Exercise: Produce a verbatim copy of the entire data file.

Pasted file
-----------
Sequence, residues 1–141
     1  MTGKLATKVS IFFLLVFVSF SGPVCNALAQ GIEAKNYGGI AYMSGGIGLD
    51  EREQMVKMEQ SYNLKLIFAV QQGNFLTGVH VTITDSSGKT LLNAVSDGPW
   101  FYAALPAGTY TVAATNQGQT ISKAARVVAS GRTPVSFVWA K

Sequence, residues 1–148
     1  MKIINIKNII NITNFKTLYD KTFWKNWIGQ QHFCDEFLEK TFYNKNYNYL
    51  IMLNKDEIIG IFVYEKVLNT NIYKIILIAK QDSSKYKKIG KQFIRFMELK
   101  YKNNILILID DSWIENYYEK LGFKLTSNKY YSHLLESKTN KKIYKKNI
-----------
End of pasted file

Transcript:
Sequence, residues 1–141
     1  MTGKLATKVS IFFLLVFVSF SGPVCNALAQ GIEAKNYGGI AYMSGGIGLD
    51  EREQMVKMEQ SYNLKLIFAV QQGNFLTGVH VTITDSSGKT LLNAVSDGPW
   101  FYAALPAGTY TVAATNQGQT ISKAARVVAS GRTPVSFVWA K

Sequence, residues 1–148
     1  MKIINIKNII NITNFKTLYD KTFWKNWIGQ QHFCDEFLEK TFYNKNYNYL
    51  IMLNKDEIIG IFVYEKVLNT NIYKIILIAK QDSSKYKKIG KQFIRFMELK
   101  YKNNILILID DSWIENYYEK LGFKLTSNKY YSHLLESKTN KKIYKKNI